Lefty’s Deceiver returns with their first two songs in 14 years

Lefty's Deceiver | photo courtesy of the artist
Lefty’s Deceiver | photo courtesy of the artist

Whether you fancy them math rock, indie rock or rock-rock, Lefty’s Deceiver was a fixture on the Philadelphia scene from the late 90s through the mid aughts, releasing a string of records and EPs that culminated in  2003’s excellent Cheats, a dizzying record of post 9-11 frustration and ennui.

By the middle of the decade, the band had parted ways to pursue various other projects — among them guitarist Ed Hogarty’s The Bigger Lovers, as well as Audible, featuring drummer Mike Kennedy and bassist Kristine Kennedy. However, surred by a Facebook fan group built on the promise of getting clocked in the head with a maraca at a Lefty’s Deceiver gig, the band reunited to play Johnny Brenda’s in 2011, with other shows following at MilkBoy and Boot & Saddle.

Lefty’s’ activity since has been semi-occasional, made a bit trickier by singer-guitarist and songwriter Andy Williams’ relocation to California. But their name recently popped up on the Boot & Saddle events calendar for a December 29th show, and this week we found out that they’re releasing a new record to go along with it. The Lefty’s Deceiver LP comes out on December 25th, and the band’s first two songs in 14 years are online right now.  Continue reading →


Tyler the Creator sets the mood at NPR’s first nighttime Tiny Desk Concert

Tyler, the Creator | screenshot from NPR’s Tiny Desk Concert

Hip-hop’s resident bucket-hat strange boy, Tyler, the Creator, stopped by NPR’s offices to perform not only his own Tiny Desk debut, but also to induct the first evening version of the Tiny Desk gig. Distinguishing the switch, instead of the custom clear natural light setting across the afternoon cubicles, vibrant backdrop lighting of deep fuschia, electric blue, and blood red drenched the typical work space, as it transformed into an intimate club atmosphere. Which, according to NPR, was the result of Tyler’s own request and the work of his hired lighting team. Continue reading →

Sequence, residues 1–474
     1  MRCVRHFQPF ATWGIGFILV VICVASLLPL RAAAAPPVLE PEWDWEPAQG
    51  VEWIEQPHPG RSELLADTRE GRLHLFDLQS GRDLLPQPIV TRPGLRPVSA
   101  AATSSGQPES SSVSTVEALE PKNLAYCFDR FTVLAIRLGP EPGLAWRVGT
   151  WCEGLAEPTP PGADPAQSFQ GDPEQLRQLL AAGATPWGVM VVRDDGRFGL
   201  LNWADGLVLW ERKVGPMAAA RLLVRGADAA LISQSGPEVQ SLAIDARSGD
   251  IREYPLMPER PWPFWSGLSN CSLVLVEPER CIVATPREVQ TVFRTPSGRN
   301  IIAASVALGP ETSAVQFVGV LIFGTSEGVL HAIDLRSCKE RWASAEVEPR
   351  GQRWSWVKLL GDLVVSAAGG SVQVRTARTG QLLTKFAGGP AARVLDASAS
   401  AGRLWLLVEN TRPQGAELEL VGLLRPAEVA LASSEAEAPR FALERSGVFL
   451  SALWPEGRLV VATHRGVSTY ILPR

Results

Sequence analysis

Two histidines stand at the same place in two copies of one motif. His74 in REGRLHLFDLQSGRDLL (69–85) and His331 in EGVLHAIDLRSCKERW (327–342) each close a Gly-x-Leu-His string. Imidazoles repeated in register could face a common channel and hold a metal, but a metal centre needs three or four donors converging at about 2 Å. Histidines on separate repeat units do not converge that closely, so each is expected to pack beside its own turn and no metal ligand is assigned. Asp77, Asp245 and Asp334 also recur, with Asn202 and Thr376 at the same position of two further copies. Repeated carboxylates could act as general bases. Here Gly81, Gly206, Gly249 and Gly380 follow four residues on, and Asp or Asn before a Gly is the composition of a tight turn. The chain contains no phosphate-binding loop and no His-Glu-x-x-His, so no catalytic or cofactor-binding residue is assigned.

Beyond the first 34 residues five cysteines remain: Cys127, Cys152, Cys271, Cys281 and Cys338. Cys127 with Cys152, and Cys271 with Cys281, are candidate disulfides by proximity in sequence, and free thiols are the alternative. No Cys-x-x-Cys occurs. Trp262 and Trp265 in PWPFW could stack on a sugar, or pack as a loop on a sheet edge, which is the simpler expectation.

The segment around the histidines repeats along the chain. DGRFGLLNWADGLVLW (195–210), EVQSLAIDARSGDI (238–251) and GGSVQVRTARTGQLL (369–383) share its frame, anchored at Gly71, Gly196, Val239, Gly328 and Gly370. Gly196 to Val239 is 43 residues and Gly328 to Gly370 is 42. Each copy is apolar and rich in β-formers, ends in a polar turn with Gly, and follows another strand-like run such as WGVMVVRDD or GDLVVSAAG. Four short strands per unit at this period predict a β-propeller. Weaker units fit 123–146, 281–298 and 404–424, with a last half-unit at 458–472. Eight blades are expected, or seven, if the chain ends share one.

Americanadian oozes carefree, infectious youthfulness on “Apple Cider Vinegar”

Americanadian | photo via


Americanadian is a youthful bunch. Along with age — the three members range from high school to mid college students — the Philly group has only just started to release their dreamy indie surf pop jams over the past year. Even then, the project began simply as lead singer Serena Scalzi’s lo-fi solo endeavor, with the additions of band members Jeff Weingarten and Nina Fuchs not happening until just this past summer.

This sense of youngin-ness isn’t a detriment here, though. Particularly in their new track, “Apple Cider Vinegar.” In fact, it’s exactly this youthful, unapologetic sparkle of energy that makes the song feel so infectiously light and airy. Continue reading →


Lithuania faces a turbulent world on the new album White Reindeer

Lithuania | Photo by Rachel Del Sordo

Philly punk rock trio Lithuania aren’t ones to allow for weeks and months of buzz leading up to a new release to build — they’d much rather catch everyone off guard by sending an entire album out into the world without any notice. At least, that’s what their latest news would have you think. The new album, White Reindeer, is out now digitally; it’s the band’s first full-length since 2015’s Hardcore Friends. Lithuania is made up of Dr. Dog drummer and solo artist Eric Slick, DRGN King’s Dominic Angelella (who also recently released a solo album) and Deleted Scenes’ Ricardo Lagomasino. Continue reading →


Now Hear This – Ambient Edition: New music by Bitchin Bajas, Marcus Fischer, Gyða Valtysdottir, Tom Rogerson with Brian Eno, Gas, The Caretaker, and more

Gyða Valtýsdottir | via

Every month, noted song expert K. Ross Hoffman presents Now Hear This, a sampling of fresh specimens for your consideration.

Last year, in my final installment of Now Hear This over at PhillyVoice, I inaugurated what I’ll now establish as an annual tradition: a column dedicated to the wide, unobtrusive world of ambient music. Ambient is always around us, but the winter is an especially good time for it. No other genre better evokes (or soundtracks) the placid, frosty stillness and/or the glowing, contented, indoorsy warmth that represent the season’s great duality.